Oh media

Media plays a very big role in shaping our community. Most people will immediately believe what they see/hear/read in the media as they believe in the voice of many.

Many = right.

Probably.

But at the same time, for some of us who might be a little more diligent in finding facts, they dig deeper that just depending on one type of source. These people will then be divided into 2: those who try to balance what they have seen/hear/read and those who choose ‘facts’ based on what they want to believe.

Terrorists have been re-labelled as Muslims, thanks to the media. For those who never encountered a Muslim or have a friend that happens to be a Muslim will embed this idea deep inside themselves. Upon seeing another brother/sister that might look like a Muslim, they will immediately send signals to their mind — be careful.

An article in the Converstion.Com suggests that the thing that is missing from the media is the ‘other’ side of what is so popular about being a Muslim.

The successful Muslims.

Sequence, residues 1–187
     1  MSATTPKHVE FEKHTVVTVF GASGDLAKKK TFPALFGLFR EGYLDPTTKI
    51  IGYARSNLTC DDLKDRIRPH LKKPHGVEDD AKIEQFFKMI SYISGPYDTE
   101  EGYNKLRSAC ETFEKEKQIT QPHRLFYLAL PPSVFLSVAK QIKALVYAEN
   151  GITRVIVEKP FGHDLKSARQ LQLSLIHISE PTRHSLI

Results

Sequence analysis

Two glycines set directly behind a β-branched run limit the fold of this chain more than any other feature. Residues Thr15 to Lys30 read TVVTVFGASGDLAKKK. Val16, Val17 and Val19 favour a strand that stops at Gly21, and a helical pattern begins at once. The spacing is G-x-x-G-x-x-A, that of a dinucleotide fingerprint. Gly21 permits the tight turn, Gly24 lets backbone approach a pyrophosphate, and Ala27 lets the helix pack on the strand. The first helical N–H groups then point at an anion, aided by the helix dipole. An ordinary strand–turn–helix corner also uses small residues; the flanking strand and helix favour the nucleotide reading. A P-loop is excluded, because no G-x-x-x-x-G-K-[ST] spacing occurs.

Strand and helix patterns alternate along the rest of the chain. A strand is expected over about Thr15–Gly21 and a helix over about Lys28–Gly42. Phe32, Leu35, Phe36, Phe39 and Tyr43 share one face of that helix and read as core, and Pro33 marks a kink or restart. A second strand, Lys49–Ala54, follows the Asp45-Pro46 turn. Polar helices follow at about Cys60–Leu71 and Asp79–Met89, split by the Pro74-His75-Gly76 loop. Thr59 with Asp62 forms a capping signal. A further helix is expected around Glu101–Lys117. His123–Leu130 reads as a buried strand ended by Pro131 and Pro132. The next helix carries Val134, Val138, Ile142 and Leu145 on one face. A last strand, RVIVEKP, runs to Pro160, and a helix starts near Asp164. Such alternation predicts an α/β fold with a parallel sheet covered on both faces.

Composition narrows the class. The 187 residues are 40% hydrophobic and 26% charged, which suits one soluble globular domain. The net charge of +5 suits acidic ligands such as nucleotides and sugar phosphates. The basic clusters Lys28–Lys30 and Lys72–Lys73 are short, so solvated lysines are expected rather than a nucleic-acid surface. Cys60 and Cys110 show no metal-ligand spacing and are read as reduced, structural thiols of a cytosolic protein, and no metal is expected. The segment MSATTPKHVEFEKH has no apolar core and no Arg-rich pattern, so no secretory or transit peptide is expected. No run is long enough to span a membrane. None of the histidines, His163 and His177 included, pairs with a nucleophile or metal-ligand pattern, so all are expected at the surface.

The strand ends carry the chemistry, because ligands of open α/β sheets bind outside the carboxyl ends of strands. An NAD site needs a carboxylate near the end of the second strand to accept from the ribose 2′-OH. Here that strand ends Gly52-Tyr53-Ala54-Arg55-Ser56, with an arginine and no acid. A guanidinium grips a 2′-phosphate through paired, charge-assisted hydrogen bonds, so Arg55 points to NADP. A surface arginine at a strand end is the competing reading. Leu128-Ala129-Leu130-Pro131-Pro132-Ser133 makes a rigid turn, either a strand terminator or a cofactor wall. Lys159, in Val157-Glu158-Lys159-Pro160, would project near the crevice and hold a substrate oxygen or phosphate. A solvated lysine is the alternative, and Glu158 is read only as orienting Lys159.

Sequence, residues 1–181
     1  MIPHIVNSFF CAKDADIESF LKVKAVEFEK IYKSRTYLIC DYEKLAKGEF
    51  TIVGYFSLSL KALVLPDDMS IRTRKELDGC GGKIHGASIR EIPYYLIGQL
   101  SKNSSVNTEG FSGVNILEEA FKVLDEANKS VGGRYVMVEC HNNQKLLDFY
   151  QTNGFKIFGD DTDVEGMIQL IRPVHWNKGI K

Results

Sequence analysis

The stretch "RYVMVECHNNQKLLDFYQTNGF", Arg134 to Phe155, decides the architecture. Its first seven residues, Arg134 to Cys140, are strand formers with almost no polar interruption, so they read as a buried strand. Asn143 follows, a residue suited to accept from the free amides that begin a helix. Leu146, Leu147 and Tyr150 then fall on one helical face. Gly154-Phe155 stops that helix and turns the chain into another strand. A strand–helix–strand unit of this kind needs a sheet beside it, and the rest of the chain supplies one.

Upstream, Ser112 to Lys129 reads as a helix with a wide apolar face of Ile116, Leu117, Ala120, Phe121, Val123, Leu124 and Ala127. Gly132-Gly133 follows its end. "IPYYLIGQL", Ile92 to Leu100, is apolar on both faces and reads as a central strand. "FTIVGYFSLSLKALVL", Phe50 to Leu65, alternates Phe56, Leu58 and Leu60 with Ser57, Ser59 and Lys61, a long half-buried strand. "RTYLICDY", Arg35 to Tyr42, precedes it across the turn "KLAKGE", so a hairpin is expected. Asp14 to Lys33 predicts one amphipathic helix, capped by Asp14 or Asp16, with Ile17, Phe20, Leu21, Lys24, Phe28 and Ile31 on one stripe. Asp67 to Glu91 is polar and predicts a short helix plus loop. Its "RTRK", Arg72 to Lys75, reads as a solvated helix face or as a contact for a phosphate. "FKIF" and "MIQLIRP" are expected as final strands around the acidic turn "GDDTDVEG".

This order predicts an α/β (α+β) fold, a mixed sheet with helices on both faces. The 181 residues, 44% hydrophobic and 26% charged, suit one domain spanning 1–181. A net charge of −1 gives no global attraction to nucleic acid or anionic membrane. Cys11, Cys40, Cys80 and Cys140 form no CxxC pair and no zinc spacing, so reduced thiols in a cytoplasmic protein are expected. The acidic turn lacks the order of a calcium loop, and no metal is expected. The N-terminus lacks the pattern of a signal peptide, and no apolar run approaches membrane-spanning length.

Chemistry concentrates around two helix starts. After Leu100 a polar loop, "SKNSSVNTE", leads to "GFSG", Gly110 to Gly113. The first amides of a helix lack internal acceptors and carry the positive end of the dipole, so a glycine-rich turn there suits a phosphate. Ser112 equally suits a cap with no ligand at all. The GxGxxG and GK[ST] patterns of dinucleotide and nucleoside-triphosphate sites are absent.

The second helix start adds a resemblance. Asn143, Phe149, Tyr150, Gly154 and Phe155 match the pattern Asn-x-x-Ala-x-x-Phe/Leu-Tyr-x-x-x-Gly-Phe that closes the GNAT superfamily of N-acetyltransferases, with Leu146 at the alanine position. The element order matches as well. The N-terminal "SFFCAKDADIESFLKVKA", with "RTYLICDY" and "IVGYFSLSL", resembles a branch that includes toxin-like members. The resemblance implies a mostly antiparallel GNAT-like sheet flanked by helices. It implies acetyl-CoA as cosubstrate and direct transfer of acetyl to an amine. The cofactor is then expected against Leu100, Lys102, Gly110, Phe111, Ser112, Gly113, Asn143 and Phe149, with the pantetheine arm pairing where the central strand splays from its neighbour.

The powerful Muslims.
The kind-hearted Muslims.

The role-models. The good guys.

“Young people often express anomic behaviour when they find aspirational pathways blocked. They turn to criminal activity to generate the money and subcultural status they seek. Racism, poverty, prejudice, eroded self-esteem and marginalisation can add to this.

The behaviour becomes alienation when they abandon accepted social goals and choose alternative goals and pathways. That shift is what takes a young criminal or anguished adolescent and turns them into a young potential terrorist.

The trick for the jihadist recruiter is to find the anomic child and transform them into someone whose alienation will run the gamut to murder, usually by providing an affirmative role model that speaks to their unease.

For jihadist recruiters, often hardened criminals, the psychological grooming of teenagers is part of their skill-set. And every action by the state, the media and the wider social milieu that screams moral panic reinforces the alternative persona of hero for the cause.”

The ending of the article literally made me smile…

“We have had 40 years of the Australian media trying to ensure that doesn’t happen. No wonder there’s a problem.”

If we fail to give answers to why there are so many ‘bad Muslims’ being covered in the media, we can at least make ourselves the image of a good person and hopefully the best Muslim example. There are no bad religion. There are just really nasty people.

From: here

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